As the Department first acknowledged last year, we have an open investigation into the death of Trayvon Martin. The Department of Justice's Criminal Section of the Civil Rights Division, the United States Attorney's Office for the Middle District of Florida, and the Federal Bureau of Investigation continue to evaluate the evidence generated during the federal investigation, as well as the evidence and testimony from the state trial. Experienced federal prosecutors will determine whether the evidence reveals a prosecutable violation of any of the limited federal criminal civil rights statutes within our jurisdiction, and whether federal prosecution is appropriate in accordance with the Department's policy governing successive federal prosecution following a state trial.

The Herald quotes friends of the blog here:

Jurors found that prosecutors failed to prove the more serious second-degree charge that Zimmerman, the neighborhood watchman at a Sanford gated community, possessed “ill-will,” “hatred” or “spite” in the fatal shooting of Martin. Instead, the six female jurors found that Zimmerman acted in self-defense.

Consequently, experts said, it would be legally inconsistent for the Justice Department to consider filing criminal charges against Zimmerman under the federal Shepard-Byrd Hate Crimes Prevention Act of 2009. Generally, that law prohibits someone from “willfully causing bodily injury” to another person because of his race, color, religion or national origin.

“If the state jury had been persuaded beyond a reasonable doubt that Zimmerman caused bodily harm to Trayvon Martin because of Martin’s race, it would have almost certainly convicted Zimmerman of second-degree murder, which requires proof of ‘ill-will’ or ‘malice,’” said Scott Srebnick, a prominent federal criminal defense attorney in Miami. “So, to bring a federal civil-rights prosecution against Zimmerman, the attorney general would essentially be second-guessing the state jury’s verdict as opposed to vindicating a different or broader federal interest.”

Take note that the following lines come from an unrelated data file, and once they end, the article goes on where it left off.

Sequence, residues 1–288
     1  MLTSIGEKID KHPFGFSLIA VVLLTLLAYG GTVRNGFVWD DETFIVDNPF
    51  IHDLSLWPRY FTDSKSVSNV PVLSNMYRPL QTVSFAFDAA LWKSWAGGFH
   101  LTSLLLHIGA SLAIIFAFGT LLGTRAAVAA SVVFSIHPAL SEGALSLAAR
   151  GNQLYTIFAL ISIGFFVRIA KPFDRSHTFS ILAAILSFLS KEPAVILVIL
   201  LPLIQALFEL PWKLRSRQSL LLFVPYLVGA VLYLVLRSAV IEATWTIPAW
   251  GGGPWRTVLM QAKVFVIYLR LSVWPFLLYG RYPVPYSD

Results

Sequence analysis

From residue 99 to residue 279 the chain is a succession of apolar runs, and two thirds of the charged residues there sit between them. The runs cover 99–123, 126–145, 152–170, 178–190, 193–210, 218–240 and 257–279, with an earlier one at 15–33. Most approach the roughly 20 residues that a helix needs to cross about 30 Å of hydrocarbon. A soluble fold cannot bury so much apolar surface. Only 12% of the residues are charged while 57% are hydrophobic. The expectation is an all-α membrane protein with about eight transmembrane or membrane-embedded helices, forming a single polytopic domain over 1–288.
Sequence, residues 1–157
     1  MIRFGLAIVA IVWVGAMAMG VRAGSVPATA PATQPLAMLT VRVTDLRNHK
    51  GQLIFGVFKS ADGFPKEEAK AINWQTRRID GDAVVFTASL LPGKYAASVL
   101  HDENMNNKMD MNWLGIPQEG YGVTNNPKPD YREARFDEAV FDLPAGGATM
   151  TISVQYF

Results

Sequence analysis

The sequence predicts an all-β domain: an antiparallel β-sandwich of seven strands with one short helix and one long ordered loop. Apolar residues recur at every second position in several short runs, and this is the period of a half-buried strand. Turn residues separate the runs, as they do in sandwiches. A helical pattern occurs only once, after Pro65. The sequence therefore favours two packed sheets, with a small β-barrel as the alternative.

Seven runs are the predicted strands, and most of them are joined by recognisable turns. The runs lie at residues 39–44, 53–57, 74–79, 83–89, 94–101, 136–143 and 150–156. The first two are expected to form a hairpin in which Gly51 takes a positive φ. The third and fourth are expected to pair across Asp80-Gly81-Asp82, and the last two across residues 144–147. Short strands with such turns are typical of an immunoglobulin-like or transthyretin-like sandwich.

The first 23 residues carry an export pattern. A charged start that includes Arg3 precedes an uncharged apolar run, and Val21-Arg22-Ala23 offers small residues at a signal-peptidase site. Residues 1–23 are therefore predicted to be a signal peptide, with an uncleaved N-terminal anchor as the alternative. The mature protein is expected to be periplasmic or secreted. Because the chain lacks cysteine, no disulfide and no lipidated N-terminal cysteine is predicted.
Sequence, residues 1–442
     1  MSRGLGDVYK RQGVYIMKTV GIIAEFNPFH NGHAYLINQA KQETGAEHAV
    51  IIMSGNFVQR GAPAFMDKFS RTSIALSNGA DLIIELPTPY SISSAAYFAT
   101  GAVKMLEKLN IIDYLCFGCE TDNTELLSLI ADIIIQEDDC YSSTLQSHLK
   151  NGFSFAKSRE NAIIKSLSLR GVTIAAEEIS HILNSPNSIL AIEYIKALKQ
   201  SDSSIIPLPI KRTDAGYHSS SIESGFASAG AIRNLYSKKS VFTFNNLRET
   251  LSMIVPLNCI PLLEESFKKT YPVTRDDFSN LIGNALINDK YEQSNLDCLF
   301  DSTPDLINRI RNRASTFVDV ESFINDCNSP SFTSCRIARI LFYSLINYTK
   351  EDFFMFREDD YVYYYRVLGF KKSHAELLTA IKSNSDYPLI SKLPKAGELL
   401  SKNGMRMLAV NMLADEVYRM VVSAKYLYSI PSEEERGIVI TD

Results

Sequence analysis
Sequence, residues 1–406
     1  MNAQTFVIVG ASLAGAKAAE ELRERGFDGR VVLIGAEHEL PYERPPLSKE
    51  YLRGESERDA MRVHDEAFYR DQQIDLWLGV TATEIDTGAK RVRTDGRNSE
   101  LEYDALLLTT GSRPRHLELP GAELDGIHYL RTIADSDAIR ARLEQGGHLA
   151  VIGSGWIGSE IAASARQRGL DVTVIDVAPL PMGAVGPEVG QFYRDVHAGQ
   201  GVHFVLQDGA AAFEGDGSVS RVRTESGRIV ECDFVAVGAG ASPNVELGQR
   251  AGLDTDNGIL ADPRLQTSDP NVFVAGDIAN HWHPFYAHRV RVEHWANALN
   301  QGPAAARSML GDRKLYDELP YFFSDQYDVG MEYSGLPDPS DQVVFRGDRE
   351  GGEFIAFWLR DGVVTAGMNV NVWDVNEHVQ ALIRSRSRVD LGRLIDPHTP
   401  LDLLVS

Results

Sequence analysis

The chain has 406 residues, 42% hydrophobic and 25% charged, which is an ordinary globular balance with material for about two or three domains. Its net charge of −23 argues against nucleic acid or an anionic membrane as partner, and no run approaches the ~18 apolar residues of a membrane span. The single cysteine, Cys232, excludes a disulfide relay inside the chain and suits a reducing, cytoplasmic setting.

Srebnick added: “I find it doubtful that the attorney general will pursue a prosecution on a civil rights theory simply out of displeasure with the state jury’s verdict.”

Brian Tannebaum, a Miami defense attorney and past president of the Florida Association of Criminal Defense Lawyers, agreed.

“People are comparing this case to Rodney King, where there was a federal prosecution after a state acquittal, but the difference there was there were witnesses, specifically the video everyone still remembers,” Tannebaum said, referring to a man’s sensational videotape of the police beating.

Friday, July 12, 2013

Role Reversal: Zimmerman closing arguments

Interesting dynamic in the Zimmerman closings so far.

The prosecutor's closing yesterday seemed very much like a defense closing -- passionate and poking holes in Zimmerman's story. He seemed to be arguing that there is a reasonable doubt about Zimmerman's version of events.

This morning, O'Mara started his closing by accepting the burden of proof and arguing that Zimmerman is "100% innocent." He is also very low key, walking them through the facts and the elements of self-defense.

I thought the prosecution crushed the defense in opening statements, but it seems just the opposite so far in closings. The prosecutor was screaming and yelling way too much.

Anyway, Rumpole hates when juries go out on Friday afternoon... But I don't think there will be a verdict today.

UPDATE -- the rebuttal was much better, but than the opening summation. Intense, but not screaming at the jury. Predictions on when the verdict will come back and what it will be?

Thursday, July 11, 2013

Thursday News & Notes

1.  Judge Lenard denied Juan Caro's bid for a new trial, rejecting his request for a hearing to find out when the government knew about Nevin Shapiro's bad acts.  From the Herald:

Lenard rejected a new bid by defense attorney Arturo Hernandez to hold an evidentiary hearing to explore whether a Justice Department lawyer who teamed up with a Miami prosecutor in the La Bamba trial knew about the FBI’s investigation of Shapiro in New Jersey months before he took the stand.
Hernandez filed documents such as government emails in hopes of challenging the Miami prosecution team’s timeline.